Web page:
# Sum of two squares

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1. Jun 9, 2015

### matqkks

Why bother writing a given integer as the sum of two squares? Does this have any practical application? Is there an introduction on a first year number theory course which would motivate students to study the conversion of a given integer to sums of two squares?

2. Jun 9, 2015

### certainly

There is a good deal of material. For instance the corollary to a theorem of Fermat :- "Any prime $p$ of the form $4k+1$ can be represented uniquely as the sum of 2 squares. Or (related) Lagrange's theorem:- "Any positive integer $n$ can be written as the sum of 4 squares, some of which may be 0".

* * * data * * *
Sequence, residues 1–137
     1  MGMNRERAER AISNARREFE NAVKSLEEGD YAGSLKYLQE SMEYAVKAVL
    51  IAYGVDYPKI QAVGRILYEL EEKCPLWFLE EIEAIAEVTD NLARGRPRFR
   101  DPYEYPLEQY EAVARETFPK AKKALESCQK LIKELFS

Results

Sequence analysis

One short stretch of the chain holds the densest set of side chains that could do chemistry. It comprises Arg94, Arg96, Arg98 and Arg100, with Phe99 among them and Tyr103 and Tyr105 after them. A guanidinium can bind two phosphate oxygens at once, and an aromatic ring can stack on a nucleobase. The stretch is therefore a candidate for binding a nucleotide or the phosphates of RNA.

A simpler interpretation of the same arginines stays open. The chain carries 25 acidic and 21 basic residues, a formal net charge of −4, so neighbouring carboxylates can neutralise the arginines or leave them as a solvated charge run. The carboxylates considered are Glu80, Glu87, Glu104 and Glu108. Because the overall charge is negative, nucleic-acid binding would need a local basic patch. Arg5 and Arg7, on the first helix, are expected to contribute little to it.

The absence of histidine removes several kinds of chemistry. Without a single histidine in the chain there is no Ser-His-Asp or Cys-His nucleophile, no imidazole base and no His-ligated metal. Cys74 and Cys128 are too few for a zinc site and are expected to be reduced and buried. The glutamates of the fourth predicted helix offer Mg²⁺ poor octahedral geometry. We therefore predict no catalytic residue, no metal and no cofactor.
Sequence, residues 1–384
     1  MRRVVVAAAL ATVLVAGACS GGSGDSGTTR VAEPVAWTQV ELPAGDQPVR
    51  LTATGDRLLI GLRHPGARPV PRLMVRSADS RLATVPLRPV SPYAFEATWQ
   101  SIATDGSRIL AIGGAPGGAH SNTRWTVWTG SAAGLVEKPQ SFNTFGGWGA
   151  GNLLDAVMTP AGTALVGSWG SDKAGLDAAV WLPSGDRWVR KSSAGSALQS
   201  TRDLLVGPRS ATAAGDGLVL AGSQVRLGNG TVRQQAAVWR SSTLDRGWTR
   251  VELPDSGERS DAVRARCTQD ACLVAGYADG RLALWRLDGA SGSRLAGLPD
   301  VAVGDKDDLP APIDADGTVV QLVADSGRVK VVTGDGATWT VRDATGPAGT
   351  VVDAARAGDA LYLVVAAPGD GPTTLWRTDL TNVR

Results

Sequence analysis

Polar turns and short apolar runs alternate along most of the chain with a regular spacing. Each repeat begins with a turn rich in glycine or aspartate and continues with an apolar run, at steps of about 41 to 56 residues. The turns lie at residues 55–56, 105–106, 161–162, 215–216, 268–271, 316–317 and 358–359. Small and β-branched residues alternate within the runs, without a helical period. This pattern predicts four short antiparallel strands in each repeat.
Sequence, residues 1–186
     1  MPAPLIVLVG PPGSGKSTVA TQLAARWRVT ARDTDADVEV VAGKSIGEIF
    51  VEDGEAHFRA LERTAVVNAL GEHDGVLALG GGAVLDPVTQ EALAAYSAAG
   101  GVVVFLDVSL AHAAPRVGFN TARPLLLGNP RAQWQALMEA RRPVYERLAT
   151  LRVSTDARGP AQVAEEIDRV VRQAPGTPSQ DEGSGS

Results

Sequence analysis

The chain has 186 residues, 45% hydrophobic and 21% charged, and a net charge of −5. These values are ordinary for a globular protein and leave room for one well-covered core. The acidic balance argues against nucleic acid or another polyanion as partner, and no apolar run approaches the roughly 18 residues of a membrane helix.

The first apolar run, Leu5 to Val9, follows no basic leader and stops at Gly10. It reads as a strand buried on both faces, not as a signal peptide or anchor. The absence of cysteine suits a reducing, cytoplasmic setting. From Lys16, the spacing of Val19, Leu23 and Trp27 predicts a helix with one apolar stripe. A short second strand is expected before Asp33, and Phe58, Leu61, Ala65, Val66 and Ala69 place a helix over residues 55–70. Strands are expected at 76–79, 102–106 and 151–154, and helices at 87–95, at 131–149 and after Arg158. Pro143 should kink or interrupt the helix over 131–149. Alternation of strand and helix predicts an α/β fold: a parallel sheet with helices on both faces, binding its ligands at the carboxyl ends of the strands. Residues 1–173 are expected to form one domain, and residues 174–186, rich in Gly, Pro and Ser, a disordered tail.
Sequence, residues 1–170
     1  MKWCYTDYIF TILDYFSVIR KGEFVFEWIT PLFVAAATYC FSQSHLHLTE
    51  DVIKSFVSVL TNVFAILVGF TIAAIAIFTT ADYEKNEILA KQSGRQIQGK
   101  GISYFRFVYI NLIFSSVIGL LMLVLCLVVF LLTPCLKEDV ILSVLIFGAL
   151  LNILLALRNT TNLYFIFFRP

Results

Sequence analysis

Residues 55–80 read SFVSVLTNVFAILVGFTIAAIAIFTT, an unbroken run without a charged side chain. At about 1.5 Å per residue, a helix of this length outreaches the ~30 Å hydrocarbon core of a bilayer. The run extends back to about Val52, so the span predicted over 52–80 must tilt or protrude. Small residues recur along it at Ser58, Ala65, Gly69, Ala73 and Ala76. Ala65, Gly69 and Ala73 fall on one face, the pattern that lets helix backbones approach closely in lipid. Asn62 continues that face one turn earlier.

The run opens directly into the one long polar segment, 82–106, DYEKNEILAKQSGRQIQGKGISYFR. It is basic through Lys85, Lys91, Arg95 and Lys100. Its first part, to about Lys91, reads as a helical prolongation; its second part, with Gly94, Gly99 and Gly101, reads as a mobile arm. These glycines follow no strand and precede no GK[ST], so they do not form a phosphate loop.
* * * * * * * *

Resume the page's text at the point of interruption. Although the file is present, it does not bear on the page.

Then there are also many interesting properties of $r_2(n)$ where $r$ is the sum of squares function.
I would recommend you research "representations of integers as sums of squares."

3. Jun 9, 2015

### micromass

Staff Emeritus
It most likely does not. There are applications of number theory, but overall you should take the class mainly because you find it interesting, not because of possible applications.